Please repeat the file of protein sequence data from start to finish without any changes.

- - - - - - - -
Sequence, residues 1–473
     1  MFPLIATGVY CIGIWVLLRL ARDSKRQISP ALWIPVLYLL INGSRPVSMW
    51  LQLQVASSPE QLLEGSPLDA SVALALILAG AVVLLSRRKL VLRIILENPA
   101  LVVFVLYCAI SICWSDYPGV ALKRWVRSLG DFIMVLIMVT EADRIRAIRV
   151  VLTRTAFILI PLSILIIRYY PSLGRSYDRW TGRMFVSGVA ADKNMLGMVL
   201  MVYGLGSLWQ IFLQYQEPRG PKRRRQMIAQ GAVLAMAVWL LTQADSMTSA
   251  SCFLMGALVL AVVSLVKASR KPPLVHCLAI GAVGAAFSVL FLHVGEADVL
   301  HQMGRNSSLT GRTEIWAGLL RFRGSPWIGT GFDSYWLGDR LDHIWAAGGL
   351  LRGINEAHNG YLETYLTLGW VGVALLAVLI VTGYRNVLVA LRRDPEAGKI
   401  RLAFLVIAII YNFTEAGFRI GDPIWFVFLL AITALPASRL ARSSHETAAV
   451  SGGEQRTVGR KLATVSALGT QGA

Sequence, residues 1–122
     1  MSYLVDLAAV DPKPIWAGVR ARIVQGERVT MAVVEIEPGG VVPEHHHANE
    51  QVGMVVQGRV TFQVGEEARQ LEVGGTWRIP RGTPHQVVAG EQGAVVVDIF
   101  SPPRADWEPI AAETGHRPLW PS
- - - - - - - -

Sequence, residues 1–473
     1  MFPLIATGVY CIGIWVLLRL ARDSKRQISP ALWIPVLYLL INGSRPVSMW
    51  LQLQVASSPE QLLEGSPLDA SVALALILAG AVVLLSRRKL VLRIILENPA
   101  LVVFVLYCAI SICWSDYPGV ALKRWVRSLG DFIMVLIMVT EADRIRAIRV
   151  VLTRTAFILI PLSILIIRYY PSLGRSYDRW TGRMFVSGVA ADKNMLGMVL
   201  MVYGLGSLWQ IFLQYQEPRG PKRRRQMIAQ GAVLAMAVWL LTQADSMTSA
   251  SCFLMGALVL AVVSLVKASR KPPLVHCLAI GAVGAAFSVL FLHVGEADVL
   301  HQMGRNSSLT GRTEIWAGLL RFRGSPWIGT GFDSYWLGDR LDHIWAAGGL
   351  LRGINEAHNG YLETYLTLGW VGVALLAVLI VTGYRNVLVA LRRDPEAGKI
   401  RLAFLVIAII YNFTEAGFRI GDPIWFVFLL AITALPASRL ARSSHETAAV
   451  SGGEQRTVGR KLATVSALGT QGA

Sequence, residues 1–122
     1  MSYLVDLAAV DPKPIWAGVR ARIVQGERVT MAVVEIEPGG VVPEHHHANE
    51  QVGMVVQGRV TFQVGEEARQ LEVGGTWRIP RGTPHQVVAG EQGAVVVDIF
   101  SPPRADWEPI AAETGHRPLW PS